The board of supervisors directed staff to draft an ordinance prohibiting industrial hemp cultivation in Calaveras County during a board meeting on Nov. 17.

Hemp is defined by its low content of THC, the main psychoactive compound in marijuana. While marijana plants and hemp plants are both cannabis plants, hemp has a THC content of less than 0.3% and is used to make a variety of things, from clothing to CBD products.

Up until the passage of the Agriculture Improvement Act in December of 2018, the cultivation of industrial hemp had been prohibited by federal law for decades, with some exceptions.

In response to the lifting of restrictions on hemp cultivation, the board of supervisors adopted an urgency ordinance in March of 2019 that placed a temporary moratorium on hemp cultivation in Calaveras County.

“The reasons for doing so were to allow time to develop permanent regulations to ensure that hemp cultivation did not adversely affect adjacent property owners due to odors, impact the regulated cannabis industry from cross-pollination, and create problems for law enforcement from those who would illegally cultivate cannabis under the guise of growing industrial hemp,” the meeting agenda reads.

“Regulation statewide is evolving, with 16 counties having either permanent or temporary moratoriums in place prohibiting the cultivation of industrial hemp. Twenty-nine counties have adopted some form of regulation and land use restrictions. The other 13 counties have no regulations in place and rely on existing state and federal requirements,” the meeting agenda reads.

During a study session on the issue, Planning Director Peter Maurer advised the board that they could either ban the industry, create a regulatory framework, or take no action, allow the county’s urgency ordinance to expire on March 12, and let state law determine the rules governing hemp cultivation in the county.

“Neither the state nor federal government currently provides any restrictions on the amount of acreage that can be used for, or the total canopy size of, an industrial hemp cultivation site,” the meeting agenda reads. “State hemp laws and regulations remain in flux, with both new proposed state regulations and federal review of the state’s existing regulations still pending.”

Maurer said that while staff had time to create an ordinance banning hemp cultivation before the ordinance lapsed, more time would be needed to create a regulatory framework.

“If it’s the desire of the board to create a regulatory framework, then it may be appropriate to adopt a ban with the understanding that that would be in place until we develop a regulatory program,” Maurer said. “I think, to be frank, most of staff that we’ve talked about (this with) would prefer to keep the ban in place. I’m not aware of a strong demand for hemp production in the county, but that really is a decision that the board needs to make.”

All five supervisors agreed that a permanent ban ordinance was the best course of action, voicing concerns similar to those that prompted the urgency ordinance.

“I’m more in favor of working forward on a moratorium until state and federal guidelines are more established,” District 5 Supervisor Ben Stopper said.

“I would support the idea of making a permanent ban until such time as everybody else figures out what’s the best way to do it, because I think we’d be running down a financial rabbit hole and a regulatory rabbit hole that no one really thoroughly understands at this point,” District 4 Supervisor Dennis Mills said.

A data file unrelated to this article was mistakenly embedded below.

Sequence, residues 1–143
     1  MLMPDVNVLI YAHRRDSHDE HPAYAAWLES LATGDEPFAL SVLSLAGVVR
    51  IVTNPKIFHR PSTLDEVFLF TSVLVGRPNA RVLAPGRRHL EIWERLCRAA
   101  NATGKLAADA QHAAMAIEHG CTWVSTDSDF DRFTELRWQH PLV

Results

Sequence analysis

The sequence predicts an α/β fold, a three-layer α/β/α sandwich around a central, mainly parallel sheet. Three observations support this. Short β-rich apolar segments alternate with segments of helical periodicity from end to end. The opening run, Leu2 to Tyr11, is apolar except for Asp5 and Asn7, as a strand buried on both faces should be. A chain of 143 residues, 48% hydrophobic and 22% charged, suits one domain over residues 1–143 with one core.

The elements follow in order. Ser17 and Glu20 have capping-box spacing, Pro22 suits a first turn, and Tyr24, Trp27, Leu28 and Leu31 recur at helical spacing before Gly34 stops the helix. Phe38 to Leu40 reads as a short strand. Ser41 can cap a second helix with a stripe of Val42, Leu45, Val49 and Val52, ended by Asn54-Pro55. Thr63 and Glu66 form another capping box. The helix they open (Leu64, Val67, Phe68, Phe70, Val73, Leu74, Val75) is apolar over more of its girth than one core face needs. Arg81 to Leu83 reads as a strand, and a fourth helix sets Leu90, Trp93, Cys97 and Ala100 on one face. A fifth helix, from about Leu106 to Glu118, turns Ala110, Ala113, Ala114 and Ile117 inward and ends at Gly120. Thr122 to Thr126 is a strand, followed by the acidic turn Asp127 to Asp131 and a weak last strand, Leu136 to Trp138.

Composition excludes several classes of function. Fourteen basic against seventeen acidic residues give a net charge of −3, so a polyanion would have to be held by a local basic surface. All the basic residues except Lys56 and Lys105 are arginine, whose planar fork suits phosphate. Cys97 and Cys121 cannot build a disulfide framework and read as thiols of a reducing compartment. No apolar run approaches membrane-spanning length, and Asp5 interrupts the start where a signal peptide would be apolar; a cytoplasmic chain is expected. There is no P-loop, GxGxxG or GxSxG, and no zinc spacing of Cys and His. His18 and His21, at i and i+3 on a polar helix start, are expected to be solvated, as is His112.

“We made a commitment to try and get a cannabis industry going in this county,” District 2 Supervisor Jack Garamendi said. “Right now, we’ve got two types of grows in our county – we’ve got legal and we’ve got illegal. We throw in a third and it’s going to be grey, and it’s going to confuse everybody, including our law enforcement. So, I’d just assume, let’s do what we’re doing, and let’s do it well, and let’s do it safe and productively, and continue to move forward before we expand.”

Sheriff Rick DiBasilio voiced concerns about the costs of regulating hemp, the difficulty of differentiating hemp from marijuana, and the impact that hemp could have on the county’s marijuana industry due to cross-fertilization, which could damage marijuana plants and result in legal issues for the county.

“I agree with the board,” he said. “It needs to be banned.”

DiBasilio said that the county doesn’t have the necessary equipment to differentiate hemp from marijuana.

“It’s costly equipment,” he said. “Trying to decide whether something is legal or illegal is going to be a legal rabbit hole that I don’t think we want to go down.”

District 3 Supervisor and Board Chair Merita Callaway expressed concerns about the compatibility of the marijuana industry and the hemp industry in the county.

“We have committed to an industry, and we need to see how all that plays out,” she said. “At this point in time, there are no mitigating measures that we could apply that would be workable for Calaveras County. And until that – whether it’s five years, 10 years, three years – the board at that time can make the decision to bring this item back if it so chooses.”

In other business, the board appointed Jessica Fowler as Calaveras County Ag Commissioner/Director of Weights and Measures for a four-year term beginning Nov. 21.

“Ms. Fowler comes to Calaveras County from San Joaquin County where she served as the Deputy Agricultural Commissioner since 2018,” the meeting agenda reads. “Ms. Fowler enjoys the rural environment and started her career in El Dorado County as a Senior Agricultural biologist/Standards Inspector beginning in 2005. Ms. Fowler has a B.S. in Environmental Toxicology from UC Davis.”



Noah Berner has lived in Calaveras County most of his life, and graduated from University of California, Santa Cruz with a degree in history.

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